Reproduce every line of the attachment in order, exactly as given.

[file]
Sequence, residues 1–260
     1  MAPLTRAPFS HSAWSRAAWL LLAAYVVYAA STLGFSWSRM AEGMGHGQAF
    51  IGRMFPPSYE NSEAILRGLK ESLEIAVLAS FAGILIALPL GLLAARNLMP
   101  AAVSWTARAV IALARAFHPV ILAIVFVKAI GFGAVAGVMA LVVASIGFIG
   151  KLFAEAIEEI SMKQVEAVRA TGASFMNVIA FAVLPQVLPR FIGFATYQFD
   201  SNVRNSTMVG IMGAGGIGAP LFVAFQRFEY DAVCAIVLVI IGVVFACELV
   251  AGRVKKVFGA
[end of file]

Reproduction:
Sequence, residues 1–260
     1  MAPLTRAPFS HSAWSRAAWL LLAAYVVYAA STLGFSWSRM AEGMGHGQAF
    51  IGRMFPPSYE NSEAILRGLK ESLEIAVLAS FAGILIALPL GLLAARNLMP
   101  AAVSWTARAV IALARAFHPV ILAIVFVKAI GFGAVAGVMA LVVASIGFIG
   151  KLFAEAIEEI SMKQVEAVRA TGASFMNVIA FAVLPQVLPR FIGFATYQFD
   201  SNVRNSTMVG IMGAGGIGAP LFVAFQRFEY DAVCAIVLVI IGVVFACELV
   251  AGRVKKVFGA